What says yes: If we’re looking at an annual upgrade cycle, now’s the time. Plus, back to school season is approaching rapidly, and getting ahead of that seems wise. There are faster chips to use, but…
What says no: As with nearly everything else, the chips that Apple might shove in the iMac 4K aren’t much faster. A possibility exists that Apple may opt for the i9 six-core processor in the iMac 5K, but then it would be pushing into iMac Pro performance —and cost —territory.
This all said, could we get a better GPU in the iMac? Just asking.
What says yes: Very little, other than the fact that it was unveiled a year ago.
What says no: The iMac Pro was actually released until about seven months ago, and it brought with it advanced processors that blow the doors off of anything else in the Mac lineup. There really aren’t newer processors that Apple might want to include in the iMac Pro, so we’re not expecting a major refresh of the line just yet.
An update by the end of the year is possible, given Intel’s road map —and assuming the chipmaker meets its goals for what seems like the first time in a decade. We’re just not expecting Apple to address it at WWDC beyond how much they like it, and how well it’s been embraced by the “Pro” user.
What says yes: Apple might mention it in passing as coming in 2019. But, it seems improbable that given that the machine is at closest 7 months away, and at most, 19, that they’ll talk specs or tease design.
What says no: Apple went out of their way earlier in the year to say that the Mac Pro was a 2019 product. It may not get mentioned at all, given that the focus at WWDC has historically been software.
Apple Pro displays
What says yes: Less firmly in 2019 are Apple Pro displays. Apple is pretty clear about wanting to make inroads in with Apple-branded “Pro” products, and anything they release now would be able to be be used with the current product lineup.
The less said about the rocky USB-C LG 4K and Thunderbolt 3 LG 5K display rollouts the better.
What says no: As with the rest of the hardware on the list, generally the rumor mill has spotted a prototype here or there by now. There’s just nothing floating around.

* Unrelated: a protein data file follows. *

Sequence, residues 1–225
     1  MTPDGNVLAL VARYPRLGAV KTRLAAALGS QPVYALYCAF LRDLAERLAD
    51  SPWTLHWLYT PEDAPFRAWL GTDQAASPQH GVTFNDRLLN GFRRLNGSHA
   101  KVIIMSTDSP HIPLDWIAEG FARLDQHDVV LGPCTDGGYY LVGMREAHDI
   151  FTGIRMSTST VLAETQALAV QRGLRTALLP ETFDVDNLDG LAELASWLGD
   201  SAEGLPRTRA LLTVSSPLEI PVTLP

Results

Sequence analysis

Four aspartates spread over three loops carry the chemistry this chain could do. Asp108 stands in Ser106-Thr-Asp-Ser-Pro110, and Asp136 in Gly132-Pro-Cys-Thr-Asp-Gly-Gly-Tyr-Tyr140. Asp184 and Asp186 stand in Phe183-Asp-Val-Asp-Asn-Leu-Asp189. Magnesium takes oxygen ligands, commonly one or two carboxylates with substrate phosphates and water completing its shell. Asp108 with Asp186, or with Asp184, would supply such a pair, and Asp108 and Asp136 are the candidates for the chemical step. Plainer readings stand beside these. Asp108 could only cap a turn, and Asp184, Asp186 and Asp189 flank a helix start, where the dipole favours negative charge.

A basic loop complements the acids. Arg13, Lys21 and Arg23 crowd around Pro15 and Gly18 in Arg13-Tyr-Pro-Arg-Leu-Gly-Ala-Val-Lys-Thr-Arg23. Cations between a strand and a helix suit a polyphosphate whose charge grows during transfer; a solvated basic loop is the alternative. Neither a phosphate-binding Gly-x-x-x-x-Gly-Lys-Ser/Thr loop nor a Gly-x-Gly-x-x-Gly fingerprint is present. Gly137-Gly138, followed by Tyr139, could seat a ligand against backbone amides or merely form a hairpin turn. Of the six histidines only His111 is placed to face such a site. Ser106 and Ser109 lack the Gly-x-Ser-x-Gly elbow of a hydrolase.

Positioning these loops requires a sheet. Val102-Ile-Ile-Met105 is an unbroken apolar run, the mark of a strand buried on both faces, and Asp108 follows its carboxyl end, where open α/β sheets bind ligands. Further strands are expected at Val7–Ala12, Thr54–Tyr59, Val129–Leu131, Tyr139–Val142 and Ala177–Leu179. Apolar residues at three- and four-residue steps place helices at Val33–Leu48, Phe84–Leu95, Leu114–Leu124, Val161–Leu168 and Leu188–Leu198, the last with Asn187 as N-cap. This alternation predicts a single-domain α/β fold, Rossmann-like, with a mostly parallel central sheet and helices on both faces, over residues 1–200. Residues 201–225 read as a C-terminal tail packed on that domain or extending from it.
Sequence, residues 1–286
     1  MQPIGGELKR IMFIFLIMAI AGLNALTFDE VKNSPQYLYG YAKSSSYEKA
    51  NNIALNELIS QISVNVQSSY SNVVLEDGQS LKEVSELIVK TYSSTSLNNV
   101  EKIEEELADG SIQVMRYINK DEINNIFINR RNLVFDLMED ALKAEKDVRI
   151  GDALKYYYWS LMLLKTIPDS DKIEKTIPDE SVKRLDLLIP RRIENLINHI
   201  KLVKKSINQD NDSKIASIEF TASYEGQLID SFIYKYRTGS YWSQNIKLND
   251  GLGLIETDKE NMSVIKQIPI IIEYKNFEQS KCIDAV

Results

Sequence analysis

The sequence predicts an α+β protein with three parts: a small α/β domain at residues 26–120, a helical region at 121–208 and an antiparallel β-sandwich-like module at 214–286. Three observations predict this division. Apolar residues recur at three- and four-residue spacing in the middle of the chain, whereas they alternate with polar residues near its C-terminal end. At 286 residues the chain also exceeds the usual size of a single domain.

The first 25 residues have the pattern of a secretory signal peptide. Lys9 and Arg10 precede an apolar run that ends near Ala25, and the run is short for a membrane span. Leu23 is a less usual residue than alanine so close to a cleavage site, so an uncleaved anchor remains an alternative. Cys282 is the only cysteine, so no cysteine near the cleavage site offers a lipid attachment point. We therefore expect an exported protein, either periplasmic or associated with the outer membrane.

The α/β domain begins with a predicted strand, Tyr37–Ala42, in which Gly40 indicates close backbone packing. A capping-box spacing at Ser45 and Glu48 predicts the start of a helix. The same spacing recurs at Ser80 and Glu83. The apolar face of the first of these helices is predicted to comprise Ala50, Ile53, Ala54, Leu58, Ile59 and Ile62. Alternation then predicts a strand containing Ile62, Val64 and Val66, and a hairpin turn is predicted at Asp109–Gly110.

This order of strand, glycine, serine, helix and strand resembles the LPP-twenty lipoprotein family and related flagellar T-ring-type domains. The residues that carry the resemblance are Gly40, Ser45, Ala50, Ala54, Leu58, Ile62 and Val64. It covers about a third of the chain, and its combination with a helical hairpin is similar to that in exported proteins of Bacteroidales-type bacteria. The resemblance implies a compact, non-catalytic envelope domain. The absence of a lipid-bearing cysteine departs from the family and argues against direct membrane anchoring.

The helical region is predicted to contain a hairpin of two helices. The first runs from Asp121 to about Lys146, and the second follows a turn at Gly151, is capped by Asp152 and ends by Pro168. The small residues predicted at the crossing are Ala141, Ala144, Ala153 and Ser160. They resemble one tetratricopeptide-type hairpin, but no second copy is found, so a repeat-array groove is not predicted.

What says yes: It has been ages, and back to school season will be upon us soon. But, on the other hand…
What says no: It has literally been years since the last update suggesting that the product in its current form is dead as a doornail.
Apple executives say that the Mac mini is important, but they sure don’t act like it. As you expect, we have thoughts on the matter.
WWDC has recently not been a hardware event. The 2017 WWDC was an unexpected hardware bonanza the likes of which hadn’t been seen for many years.
But, there are changes coming in the future. If there is anybody reading this that thinks that Apple doesn’t have a version of macOS running on ARM processors, I’m not even sure what to tell you. It’s coming, it’s inevitable, if for no other reason to break the shackles of Intel’s missed deadlines the way it did when it shifted away from PowerPC to Intel in 2006.
The question is when, and on what platform? Apple already has the ultimate migratory tool to make the transition easier in Xcode, and there are suggestions that this technology is well underway. In all probability, it will come to the lower end of Apple’s hardware spectrum first, in a MacBook Air, MacBook, or Mac mini, and will migrate up at a later time.
Apple’s HomePod doesn’t really need a hardware refresh annually, unless they decide to deploy a smaller or less expensive one. It’s hard to envision that scenario this year, given that the core HomePod itself hasn’t even seen a holiday season yet.
While we will likely see software updates to the HomePod improving Siri, it’s also probably too early to see a widening of access to the HomePod’s hardware for developer access.
As far as “one more thing” goes, that seems improbable this year. Prior to the 2017 rollout of the HomePod, there was about six months of rumors building up to it, with the focus narrowing in on the final product well before it actually was shown.
This year, there is shockingly little. The “iPhone SE 2” rumor mill continues to churn, and there are discussions about the 2018 iPhone lineup and that’s about it at present. From a rumor standpoint, there are far fewer so far this year, versus the last five years.
Other than a questionable report talking about an ARM-based macOS device in the early stages of evaluation, there just doesn’t seem to be anything surprising and new behind Apple’s curtain —at least for WWDC.